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Re: Distributed Subversion

From: Les Mikesell <lesmikesell_at_gmail.com>
Date: Wed, 10 Jun 2009 09:58:44 -0500

Nathan Nobbe wrote:
> What happens when people working in isolation with DVCS make large
> conflicting changes before the code ends up in the same place?
> well, the flow is actually cleaner than what youll find in a centralized
> model; b/c while theyve been offline, everything has been versioned.
> so, when they signal upstream saying changes are ready and upstream
> finds that the work conflicts badly w/ mainline; what happens ?
> downstream is given the url to the latest upstream and tasked w/
> integrating the changes on their side. and this is ideal since the
> conflicts are coming in part b/c of these folks whove created them.

I don't understand. Conflicts are caused by two or more people making
different changes. How does a decentralized model get these different
people who may not even be on the network together to agree on a common
set of changes?

> so
> then once theyve resolved the conflicts, they again publish the
> downstream work in a public location.

Which user makes the change? How does he know it resolves conflicts
with changes others are making?

> upstream can then pull w/o conflict.
> note similar flows can be attained in centralized systems via branching
> / meriging, however the tendency is for centralized users to avoid this
> because of the overhead in doing so.

There are times you want to make conflicting changes - making branching
and working in isolation appropriate or necessary.

> ive actually used a very similar flow w/ svn in our 30 dev env.
> basically what i do is branch off mainline and check it out in a common
> location. then run the merge there (which will be the same as merging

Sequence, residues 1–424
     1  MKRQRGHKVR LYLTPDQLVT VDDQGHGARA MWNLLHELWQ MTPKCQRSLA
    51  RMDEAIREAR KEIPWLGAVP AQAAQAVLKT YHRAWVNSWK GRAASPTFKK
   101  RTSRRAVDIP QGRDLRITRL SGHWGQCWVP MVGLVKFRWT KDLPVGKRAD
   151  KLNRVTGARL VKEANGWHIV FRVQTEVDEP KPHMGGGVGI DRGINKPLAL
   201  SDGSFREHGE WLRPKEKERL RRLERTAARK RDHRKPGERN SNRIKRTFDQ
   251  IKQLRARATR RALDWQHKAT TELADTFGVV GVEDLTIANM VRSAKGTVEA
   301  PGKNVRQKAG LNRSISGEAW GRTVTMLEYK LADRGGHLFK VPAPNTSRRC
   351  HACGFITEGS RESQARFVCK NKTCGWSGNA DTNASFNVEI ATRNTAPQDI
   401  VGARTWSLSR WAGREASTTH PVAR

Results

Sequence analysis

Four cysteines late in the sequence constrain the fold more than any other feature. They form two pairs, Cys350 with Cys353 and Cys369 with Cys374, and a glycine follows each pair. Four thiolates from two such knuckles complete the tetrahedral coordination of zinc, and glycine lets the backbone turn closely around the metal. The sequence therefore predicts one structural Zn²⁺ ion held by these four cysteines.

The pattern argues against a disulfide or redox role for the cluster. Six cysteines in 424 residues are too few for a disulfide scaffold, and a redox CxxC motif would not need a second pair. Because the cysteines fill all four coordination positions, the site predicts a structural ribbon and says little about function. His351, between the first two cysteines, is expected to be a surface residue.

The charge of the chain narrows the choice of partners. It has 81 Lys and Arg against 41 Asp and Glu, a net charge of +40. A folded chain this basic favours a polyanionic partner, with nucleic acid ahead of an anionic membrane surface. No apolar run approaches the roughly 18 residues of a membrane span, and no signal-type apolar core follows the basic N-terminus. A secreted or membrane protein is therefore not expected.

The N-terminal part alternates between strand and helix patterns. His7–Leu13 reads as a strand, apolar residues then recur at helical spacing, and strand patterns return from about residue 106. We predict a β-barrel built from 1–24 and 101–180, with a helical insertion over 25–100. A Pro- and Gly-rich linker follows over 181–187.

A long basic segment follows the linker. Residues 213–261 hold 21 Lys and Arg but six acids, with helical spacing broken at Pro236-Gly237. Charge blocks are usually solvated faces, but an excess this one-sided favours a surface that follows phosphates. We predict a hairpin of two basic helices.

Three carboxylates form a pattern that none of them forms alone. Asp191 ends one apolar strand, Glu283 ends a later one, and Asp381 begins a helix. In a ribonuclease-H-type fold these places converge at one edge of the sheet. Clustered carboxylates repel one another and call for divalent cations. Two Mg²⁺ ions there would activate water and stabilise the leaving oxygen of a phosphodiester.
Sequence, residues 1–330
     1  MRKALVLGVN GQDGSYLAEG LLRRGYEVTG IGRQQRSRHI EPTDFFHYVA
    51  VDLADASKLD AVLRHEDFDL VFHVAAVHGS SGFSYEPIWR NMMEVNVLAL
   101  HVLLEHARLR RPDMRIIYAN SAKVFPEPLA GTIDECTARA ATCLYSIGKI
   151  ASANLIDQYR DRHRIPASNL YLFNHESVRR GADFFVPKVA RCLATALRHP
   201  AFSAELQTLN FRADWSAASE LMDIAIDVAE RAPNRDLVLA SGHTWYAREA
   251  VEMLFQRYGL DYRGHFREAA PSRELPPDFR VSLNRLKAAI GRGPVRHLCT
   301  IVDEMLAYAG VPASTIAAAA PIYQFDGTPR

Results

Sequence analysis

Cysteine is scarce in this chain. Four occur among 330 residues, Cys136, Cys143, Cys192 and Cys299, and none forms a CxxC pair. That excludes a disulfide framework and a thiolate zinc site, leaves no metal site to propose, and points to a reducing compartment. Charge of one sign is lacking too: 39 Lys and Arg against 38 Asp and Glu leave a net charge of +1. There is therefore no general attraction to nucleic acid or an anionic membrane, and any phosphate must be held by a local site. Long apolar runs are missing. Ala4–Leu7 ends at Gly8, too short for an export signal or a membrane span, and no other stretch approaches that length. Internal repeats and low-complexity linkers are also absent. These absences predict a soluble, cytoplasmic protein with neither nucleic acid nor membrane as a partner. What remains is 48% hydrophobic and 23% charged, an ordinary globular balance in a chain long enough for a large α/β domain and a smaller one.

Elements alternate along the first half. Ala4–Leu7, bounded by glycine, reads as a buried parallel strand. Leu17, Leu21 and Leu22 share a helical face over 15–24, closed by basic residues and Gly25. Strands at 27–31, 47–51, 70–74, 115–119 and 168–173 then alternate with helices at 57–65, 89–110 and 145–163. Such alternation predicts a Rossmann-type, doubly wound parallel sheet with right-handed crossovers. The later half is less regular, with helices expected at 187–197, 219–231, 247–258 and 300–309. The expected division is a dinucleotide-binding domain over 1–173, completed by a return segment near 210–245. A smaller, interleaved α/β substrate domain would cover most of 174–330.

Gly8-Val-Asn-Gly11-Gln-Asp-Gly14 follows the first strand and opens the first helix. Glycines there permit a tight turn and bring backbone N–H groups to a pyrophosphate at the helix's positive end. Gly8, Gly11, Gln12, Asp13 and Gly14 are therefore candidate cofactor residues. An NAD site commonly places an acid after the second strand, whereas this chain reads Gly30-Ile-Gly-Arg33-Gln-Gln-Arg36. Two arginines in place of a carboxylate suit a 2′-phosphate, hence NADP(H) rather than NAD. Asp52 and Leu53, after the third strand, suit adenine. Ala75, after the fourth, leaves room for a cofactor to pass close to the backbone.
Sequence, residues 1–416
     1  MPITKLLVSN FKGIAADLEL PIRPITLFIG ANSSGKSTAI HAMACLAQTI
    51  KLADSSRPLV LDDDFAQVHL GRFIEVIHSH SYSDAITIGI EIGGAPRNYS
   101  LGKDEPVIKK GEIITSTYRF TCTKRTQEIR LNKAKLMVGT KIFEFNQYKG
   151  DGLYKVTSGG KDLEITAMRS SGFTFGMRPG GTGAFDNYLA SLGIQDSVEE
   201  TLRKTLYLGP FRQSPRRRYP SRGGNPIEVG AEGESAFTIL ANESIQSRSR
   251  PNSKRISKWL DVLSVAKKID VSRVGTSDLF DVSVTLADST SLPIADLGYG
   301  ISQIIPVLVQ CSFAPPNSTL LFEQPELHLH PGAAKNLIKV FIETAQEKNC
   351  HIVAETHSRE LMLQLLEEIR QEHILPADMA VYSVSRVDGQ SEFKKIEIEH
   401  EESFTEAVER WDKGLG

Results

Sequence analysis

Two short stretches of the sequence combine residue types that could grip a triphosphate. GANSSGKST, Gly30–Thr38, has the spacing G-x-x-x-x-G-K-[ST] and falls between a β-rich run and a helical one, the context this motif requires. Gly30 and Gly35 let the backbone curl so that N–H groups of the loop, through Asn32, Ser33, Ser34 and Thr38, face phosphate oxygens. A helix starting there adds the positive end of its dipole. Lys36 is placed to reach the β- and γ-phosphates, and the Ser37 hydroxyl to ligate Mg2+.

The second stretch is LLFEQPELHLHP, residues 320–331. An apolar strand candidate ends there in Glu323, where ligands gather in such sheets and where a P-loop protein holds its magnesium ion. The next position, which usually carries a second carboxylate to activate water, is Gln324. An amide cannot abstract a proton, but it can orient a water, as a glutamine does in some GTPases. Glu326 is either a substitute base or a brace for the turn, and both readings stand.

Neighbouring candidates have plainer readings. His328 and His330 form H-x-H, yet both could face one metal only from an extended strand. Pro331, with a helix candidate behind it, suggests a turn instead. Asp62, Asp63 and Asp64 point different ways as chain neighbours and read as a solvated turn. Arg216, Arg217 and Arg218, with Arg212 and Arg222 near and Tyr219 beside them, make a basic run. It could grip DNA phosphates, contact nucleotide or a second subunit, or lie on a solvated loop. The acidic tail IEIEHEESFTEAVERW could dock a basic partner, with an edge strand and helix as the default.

> directly to upstream). then i send a message to the developers, to log
> in and resolve the conflicts theyre reponsible for. once all the
> conflicts are resolved; i can then merge that dedicated branch to
> upstream w/o conflict (assuming the issues have been resolved w/o too
> many commits on upstream in the meantime, otherwise some other iteration
> of the process has to occur).

Unless you have a specific plan to break things, why not take advantage
of other team members changes as early as possible instead of isolating

> there are many benefits to this flow, however its time consuming in svn
> so i tend to save it for the truly painful merges.. anyway, like i
> said, the tendency in my exp, is for centralized vcs users to sit around
> not committing (eg sharing upstream) let alone branching and merging on
> their own; lol!

That might happen with a team of volunteers, but it doesn't make sense
where someone is actively managing the project.

> whether or not its a tendency of dvcs users to sit
> around not pushing to upstream remains to be seen.
> ideally resolving merge conflicts is best handled by the folks
> responsible, not some third-party maintainer. i find this goal easier
> to attain in dvcs than cvcs.

I'm missing something then. Other than the ability to work offline and
not share all of your work, what functionality does dvcs provide that
you can't get by isolating your changes in a branch if you are so
inclined or the nature of your change requires it?

   Les Mikesell
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Received on 2009-06-10 16:59:59 CEST

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